Anxiety is a common issue. In fact, most people experience it to some extent at some point or points in their lives. After all, it’s natural to feel anxious about certain situations, such as taking exams or going for job interviews. But when anxiety affects you all or most of the time, it can become a problem.
According to the Mental Health Foundation, 24 per cent of adults in this country say they always or often feel anxious. Feeling anxious more often than not can affect your day-to-day life in a negative way. But what is it exactly, and how can you tell if it’s affecting you?
During the earlier stages of human evolution, anxiety was a useful feeling as it helped people to survive. Health experts call it the ‘fight or flight’ response – that is, when faced with a life-threatening situation, it helped people to be more alert and react more quickly by releasing stress hormones into their bloodstream.
These days, we still have the same response to situations that cause fear or uneasiness. But that response is generally no longer useful because relatively few people face the same levels of life-threatening experiences today that affected our ancestors.
The symptoms of anxiety – or generalised anxiety disorder (GAD) if you have persistent anxiety – include dizziness, shakiness, increased breathing and heart rate, sweating, muscle tenseness and feelings of nervousness, stress and panic. Anxiety can also caused physical problems, such as depression, sleeplessness, low sex drive and a depressed immune system.
When is anxiety a problem?
If you experience one or more of the following on a regular basis, you may have higher-than-normal levels of anxiety:
- You constantly worry that something bad will happen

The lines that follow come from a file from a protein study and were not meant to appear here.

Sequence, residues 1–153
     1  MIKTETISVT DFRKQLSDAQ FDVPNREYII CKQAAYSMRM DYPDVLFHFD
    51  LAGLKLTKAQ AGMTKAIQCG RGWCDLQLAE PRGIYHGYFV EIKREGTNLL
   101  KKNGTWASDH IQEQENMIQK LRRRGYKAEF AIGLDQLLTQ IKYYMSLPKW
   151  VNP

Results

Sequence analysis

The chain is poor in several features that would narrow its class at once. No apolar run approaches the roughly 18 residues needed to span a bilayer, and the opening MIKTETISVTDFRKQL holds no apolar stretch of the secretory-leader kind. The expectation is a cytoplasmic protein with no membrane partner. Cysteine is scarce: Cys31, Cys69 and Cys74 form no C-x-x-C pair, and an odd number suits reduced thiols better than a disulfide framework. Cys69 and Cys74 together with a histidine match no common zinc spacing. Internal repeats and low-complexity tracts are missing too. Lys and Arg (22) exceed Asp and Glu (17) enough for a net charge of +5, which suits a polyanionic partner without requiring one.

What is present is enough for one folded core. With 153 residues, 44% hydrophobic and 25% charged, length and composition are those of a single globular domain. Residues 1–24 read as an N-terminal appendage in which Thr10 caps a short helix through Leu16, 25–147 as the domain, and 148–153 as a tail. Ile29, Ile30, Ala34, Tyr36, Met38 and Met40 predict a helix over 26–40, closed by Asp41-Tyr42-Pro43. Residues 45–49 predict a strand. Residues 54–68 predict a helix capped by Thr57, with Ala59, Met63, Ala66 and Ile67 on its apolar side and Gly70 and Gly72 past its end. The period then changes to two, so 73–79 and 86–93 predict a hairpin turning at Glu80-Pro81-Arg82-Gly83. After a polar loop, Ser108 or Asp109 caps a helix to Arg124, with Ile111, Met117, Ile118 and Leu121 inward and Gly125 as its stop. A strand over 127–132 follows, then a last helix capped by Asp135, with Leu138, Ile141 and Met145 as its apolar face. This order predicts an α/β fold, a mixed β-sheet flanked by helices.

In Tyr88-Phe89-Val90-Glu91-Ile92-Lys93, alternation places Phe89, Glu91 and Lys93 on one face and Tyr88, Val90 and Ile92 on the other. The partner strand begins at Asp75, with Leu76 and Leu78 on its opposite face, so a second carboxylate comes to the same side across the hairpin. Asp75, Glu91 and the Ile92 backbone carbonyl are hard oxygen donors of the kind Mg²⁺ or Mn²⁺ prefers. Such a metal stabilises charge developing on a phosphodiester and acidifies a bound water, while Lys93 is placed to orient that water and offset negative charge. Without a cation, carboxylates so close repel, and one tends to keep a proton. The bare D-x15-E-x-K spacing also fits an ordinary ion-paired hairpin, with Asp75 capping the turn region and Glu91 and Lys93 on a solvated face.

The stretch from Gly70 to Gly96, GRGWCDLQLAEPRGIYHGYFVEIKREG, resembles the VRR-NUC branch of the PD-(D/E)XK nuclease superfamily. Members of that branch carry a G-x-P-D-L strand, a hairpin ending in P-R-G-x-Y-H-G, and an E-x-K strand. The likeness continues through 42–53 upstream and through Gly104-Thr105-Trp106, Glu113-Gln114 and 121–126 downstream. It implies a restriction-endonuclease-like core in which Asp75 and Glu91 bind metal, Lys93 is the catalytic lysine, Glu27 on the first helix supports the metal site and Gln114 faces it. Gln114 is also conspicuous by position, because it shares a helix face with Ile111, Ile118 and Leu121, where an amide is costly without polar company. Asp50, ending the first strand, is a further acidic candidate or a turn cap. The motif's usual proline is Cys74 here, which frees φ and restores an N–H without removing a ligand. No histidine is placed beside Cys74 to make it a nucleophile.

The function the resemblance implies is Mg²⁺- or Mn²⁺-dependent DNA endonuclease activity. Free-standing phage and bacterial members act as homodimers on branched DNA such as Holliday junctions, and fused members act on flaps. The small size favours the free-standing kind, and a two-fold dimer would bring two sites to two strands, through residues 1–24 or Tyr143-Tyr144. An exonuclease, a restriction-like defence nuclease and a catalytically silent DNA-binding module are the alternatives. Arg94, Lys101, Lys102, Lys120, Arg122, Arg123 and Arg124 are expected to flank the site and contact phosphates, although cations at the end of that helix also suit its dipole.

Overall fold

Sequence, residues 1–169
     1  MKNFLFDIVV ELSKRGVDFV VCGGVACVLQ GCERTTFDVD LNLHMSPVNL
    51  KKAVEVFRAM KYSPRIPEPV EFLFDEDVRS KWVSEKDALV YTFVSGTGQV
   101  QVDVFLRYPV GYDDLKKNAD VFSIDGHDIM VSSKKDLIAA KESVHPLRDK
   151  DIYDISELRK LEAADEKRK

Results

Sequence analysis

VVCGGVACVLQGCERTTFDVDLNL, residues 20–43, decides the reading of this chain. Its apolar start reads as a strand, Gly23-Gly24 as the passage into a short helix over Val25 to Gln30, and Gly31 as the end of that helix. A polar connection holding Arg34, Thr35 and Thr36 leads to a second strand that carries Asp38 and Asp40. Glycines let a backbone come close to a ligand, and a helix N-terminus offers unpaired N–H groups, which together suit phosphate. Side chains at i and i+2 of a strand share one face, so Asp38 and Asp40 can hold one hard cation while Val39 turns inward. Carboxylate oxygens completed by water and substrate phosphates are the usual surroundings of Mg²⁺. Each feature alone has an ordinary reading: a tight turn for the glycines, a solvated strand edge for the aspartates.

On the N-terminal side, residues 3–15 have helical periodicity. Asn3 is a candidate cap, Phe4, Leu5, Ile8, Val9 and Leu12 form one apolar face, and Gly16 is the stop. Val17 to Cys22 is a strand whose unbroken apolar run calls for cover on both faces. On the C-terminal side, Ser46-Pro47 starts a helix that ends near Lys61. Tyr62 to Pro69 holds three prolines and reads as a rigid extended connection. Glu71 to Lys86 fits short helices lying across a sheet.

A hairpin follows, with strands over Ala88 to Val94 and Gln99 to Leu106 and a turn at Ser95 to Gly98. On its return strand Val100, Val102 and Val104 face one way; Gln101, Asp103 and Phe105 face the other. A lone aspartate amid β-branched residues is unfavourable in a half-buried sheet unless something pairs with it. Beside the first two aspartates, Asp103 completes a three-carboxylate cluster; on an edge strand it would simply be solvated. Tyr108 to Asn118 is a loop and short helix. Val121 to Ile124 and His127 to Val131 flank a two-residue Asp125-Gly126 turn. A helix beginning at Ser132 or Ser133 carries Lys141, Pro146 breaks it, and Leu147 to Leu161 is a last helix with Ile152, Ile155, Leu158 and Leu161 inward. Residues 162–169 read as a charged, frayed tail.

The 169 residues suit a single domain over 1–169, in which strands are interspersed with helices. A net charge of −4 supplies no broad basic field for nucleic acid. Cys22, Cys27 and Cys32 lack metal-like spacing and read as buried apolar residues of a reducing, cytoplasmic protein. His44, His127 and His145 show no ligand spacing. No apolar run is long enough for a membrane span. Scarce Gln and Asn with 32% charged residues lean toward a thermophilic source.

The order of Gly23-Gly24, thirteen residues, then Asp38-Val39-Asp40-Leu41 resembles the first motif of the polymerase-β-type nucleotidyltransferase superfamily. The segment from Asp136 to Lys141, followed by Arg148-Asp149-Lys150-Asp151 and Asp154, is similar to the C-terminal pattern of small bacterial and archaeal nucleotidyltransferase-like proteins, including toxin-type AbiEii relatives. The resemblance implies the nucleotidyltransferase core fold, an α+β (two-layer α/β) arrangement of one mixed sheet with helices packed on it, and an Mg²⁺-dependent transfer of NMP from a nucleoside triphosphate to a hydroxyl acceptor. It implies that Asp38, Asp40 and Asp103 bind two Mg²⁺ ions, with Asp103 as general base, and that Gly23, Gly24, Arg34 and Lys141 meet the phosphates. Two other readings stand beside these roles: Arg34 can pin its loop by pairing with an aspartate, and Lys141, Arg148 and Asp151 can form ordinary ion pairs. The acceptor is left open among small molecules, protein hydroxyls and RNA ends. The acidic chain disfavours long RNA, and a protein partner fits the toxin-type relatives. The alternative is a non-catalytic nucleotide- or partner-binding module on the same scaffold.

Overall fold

- You always fear the worst
- Everything feels as if it’s going too fast or too slow
- You’re obsessed with negative experiences
- You look out for things that could go wrong all the time
- You’re irritable and find it impossible to relax
- You get flustered easily
Other signs that you may be experiencing long-term anxiety include smoking, drinking and using drugs to help you cope with the way you’re feeling – all of which may stop you enjoying life.
How can you help yourself?
If you’ve been diagnosed with GAD, you may be able to have treatment on the NHS such as talking therapies and anxiety medication. But there are also several things you can do yourself to manage the symptoms of anxiety, including the following:
Eat a balanced diet
Try to eat as healthily as possible, including at least five portions of fruit and vegetables a day. Consider avoiding foods such as sugar and caffeine, as they may make feelings of anxiety worse. Cut back on alcohol if necessary, and give up cigarettes if you’re a smoker as this may help you to feel calmer.
Aim for at least 150 minutes of moderate intensity exercise each week, as physical activity helps to increase our production of ‘feel-good’ hormones that can help with stress and tension.
Finding time for things that help you unwind can help relieve feelings of anxiety. Try some deep breathing exercises whenever you feel anxious – read more about mindful breathing exercises by reading our article Mindfulness in minutes.
Talk about it
Try not to bottle up any feelings of anxiety you may be having, as talking about it could help you manage whatever’s causing those feelings.
How CABA can help
If you're a past or present ICAEW member, ACA student or are a member of their families, and require financial support in retirement, we are here to help. For advice and information contact us today.